For a long and frustrating third day, divided Republicans kept the Speaker's chair of the U.S. House sitting empty Thursday, as party leader Kevin McCarthy failed again and again in an excruciating string of ballots to win enough Republican votes to seize the chamber's gavel.
By nightfall, despite raucous protests from Democrats, Republicans voted to adjourn and return Friday at noon to try again.
Pressure was building as McCarthy lost seventh, eighth and then historic ninth and 10th rounds of voting, surpassing the number it took the last time this happened, 100 years ago, in a prolonged fight to choose a Speaker in a disputed election. The House then moved onto an 11th round, which McCarthy proceeded to lose again.
With McCarthy's supporters and foes locked in stalemate, the House could not formally open for the new session of Congress. And feelings of boredom, desperation and annoyance seemed increasingly evident.
One McCarthy critic, Rep. Matt Gaetz of Florida, even cast his votes in two rounds for Donald Trump, a symbolic but pointed sign of the broader divisions over the Republican Party's future. Then he went further, moving the day from protest toward the absurd in formally nominating the former president to be House Speaker in the 11th vote.
As night fell on the eve of the second anniversary of the Jan. 6, 2021, attack on the U.S. Capitol by Trump supporters trying to overturn Joe Biden's election, Democrats said it was time to get serious.
"This sacred House of Representatives needs a leader," said Democrat Joe Neguse of Colorado, nominating his own party's leader, Hakeem Jeffries, as Speaker.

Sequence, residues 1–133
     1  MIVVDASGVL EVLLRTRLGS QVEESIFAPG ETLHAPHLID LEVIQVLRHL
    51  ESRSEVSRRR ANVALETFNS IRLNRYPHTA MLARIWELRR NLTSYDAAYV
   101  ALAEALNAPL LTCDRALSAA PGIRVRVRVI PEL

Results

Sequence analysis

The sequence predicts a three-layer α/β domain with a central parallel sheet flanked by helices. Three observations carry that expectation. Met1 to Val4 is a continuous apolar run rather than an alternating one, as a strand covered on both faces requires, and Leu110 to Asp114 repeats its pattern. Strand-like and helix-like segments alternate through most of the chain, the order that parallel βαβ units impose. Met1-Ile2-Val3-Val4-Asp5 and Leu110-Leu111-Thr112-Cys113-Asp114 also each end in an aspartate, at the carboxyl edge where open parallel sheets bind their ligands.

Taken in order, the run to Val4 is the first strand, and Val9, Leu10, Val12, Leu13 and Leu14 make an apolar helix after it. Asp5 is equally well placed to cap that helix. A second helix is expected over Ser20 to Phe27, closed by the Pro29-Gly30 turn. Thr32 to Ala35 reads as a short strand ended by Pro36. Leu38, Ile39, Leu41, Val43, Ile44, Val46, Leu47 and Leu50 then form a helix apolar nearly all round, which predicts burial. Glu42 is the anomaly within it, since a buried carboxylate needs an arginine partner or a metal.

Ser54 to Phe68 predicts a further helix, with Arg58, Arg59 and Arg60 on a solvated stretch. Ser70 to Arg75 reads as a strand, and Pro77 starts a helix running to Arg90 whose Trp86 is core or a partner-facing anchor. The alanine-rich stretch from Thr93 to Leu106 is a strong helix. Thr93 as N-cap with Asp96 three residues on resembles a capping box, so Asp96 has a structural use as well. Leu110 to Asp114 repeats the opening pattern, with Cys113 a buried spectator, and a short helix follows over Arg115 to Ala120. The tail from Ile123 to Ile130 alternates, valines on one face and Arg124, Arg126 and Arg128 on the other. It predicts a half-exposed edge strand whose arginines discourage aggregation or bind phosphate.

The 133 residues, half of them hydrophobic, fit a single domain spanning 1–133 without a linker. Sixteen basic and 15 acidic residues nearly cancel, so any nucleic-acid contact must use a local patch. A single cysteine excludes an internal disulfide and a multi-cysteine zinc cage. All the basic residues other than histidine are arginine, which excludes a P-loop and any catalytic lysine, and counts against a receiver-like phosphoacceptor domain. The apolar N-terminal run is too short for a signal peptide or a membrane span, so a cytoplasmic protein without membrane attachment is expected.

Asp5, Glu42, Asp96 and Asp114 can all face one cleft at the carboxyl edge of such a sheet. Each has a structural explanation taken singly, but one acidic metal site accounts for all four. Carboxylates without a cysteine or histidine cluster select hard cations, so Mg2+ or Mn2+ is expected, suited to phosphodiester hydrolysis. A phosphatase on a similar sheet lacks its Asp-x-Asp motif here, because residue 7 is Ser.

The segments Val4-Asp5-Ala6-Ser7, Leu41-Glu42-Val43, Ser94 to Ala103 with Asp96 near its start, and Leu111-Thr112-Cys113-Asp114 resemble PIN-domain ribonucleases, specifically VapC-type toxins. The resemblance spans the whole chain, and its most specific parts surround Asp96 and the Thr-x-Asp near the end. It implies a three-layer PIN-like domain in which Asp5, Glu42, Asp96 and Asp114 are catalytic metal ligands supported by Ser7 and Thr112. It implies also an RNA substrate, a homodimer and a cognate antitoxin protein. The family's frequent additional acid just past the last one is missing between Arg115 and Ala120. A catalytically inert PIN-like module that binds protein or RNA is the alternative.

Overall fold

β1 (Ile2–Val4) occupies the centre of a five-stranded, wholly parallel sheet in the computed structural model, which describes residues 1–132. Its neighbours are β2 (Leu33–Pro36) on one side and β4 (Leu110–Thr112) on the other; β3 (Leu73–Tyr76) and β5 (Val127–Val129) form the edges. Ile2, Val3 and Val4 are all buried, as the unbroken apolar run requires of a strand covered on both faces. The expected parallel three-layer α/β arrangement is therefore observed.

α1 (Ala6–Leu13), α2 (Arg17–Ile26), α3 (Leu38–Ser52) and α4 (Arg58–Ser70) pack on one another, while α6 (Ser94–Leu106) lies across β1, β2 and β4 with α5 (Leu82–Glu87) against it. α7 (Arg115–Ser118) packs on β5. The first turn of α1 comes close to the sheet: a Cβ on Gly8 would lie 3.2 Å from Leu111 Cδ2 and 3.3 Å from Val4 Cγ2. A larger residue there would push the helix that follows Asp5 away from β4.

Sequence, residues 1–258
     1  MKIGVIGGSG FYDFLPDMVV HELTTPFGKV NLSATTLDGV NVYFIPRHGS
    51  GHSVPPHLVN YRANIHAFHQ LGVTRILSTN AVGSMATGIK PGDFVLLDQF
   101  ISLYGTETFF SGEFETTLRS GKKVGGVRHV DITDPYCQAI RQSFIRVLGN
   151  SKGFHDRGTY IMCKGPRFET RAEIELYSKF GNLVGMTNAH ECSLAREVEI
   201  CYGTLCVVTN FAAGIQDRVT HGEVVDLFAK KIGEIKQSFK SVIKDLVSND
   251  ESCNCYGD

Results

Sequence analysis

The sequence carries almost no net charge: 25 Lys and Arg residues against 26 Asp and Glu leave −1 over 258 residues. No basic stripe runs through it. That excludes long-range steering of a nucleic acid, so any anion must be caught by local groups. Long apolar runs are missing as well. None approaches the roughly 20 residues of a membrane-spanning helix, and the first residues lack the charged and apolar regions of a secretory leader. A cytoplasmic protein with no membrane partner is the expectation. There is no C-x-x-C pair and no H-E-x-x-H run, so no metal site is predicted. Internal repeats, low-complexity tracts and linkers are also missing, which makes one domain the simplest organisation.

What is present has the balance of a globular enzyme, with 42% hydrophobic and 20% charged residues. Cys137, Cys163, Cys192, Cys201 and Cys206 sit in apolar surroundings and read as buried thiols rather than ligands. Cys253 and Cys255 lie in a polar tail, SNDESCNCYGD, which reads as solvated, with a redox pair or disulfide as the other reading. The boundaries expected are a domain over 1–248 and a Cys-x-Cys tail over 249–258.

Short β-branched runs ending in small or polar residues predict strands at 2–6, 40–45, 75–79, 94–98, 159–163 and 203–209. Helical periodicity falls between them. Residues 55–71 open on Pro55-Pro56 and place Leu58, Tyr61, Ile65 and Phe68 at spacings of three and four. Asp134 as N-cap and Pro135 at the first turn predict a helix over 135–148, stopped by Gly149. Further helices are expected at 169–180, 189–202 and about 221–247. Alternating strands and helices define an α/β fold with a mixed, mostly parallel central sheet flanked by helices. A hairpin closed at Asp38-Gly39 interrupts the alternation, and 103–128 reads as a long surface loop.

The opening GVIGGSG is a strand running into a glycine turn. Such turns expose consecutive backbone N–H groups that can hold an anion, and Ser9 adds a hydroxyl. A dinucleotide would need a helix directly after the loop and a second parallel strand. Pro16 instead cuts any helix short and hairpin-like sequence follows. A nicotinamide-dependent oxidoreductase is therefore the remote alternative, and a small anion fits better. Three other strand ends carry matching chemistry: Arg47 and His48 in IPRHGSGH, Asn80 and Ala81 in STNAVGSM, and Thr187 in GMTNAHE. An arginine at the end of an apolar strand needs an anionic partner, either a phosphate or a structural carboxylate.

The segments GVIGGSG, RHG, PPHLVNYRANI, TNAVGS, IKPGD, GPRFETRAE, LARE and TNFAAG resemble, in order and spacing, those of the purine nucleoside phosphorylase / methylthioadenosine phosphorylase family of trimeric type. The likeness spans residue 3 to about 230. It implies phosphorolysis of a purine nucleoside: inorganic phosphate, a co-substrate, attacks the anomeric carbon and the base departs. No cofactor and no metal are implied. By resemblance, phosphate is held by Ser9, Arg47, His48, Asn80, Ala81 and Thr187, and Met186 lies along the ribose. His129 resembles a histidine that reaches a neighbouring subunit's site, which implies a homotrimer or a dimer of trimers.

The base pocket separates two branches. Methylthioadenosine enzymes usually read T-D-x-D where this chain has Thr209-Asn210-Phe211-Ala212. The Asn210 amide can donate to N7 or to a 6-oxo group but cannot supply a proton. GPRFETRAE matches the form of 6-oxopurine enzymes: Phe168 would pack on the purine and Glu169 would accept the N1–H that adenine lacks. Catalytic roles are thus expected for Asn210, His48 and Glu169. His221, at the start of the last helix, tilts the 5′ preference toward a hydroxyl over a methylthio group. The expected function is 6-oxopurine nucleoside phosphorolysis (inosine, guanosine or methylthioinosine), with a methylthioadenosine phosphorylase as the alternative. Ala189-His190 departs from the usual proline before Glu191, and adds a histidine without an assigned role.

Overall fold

McCarthy could be seen talking, one on one, in whispered conversations in the House chamber.
His emissaries sidled up to holdouts, and gruelling negotiations proceeded in the Republican whip's office down the hall. McCarthy remained determined to persuade Republicans to end the paralyzing debate that has blighted his new majority.
McCarthy's leadership team had presented a core group of the Republican holdouts with a deal on paper in exchange for their support, said one of the opponents, conservative Republican Ralph Norman of South Carolina, as he exited a late-day meeting.
"It's good," Norman said, about changes that would include mandating 72 hours for bills to be posted before votes, though details were scarce.
Lest hopes get ahead of reality, he noted, "This is round one."
What started as a political novelty, the first time since 1923 a nominee had not won the gavel on the first vote, has devolved into a bitter Republican Party feud and deepening potential crisis.
Jeffries of New York was repeatedly renominated by his fellow Democrats. He has won the most votes on every ballot but also remained short of a majority. McCarthy ran second, gaining no ground.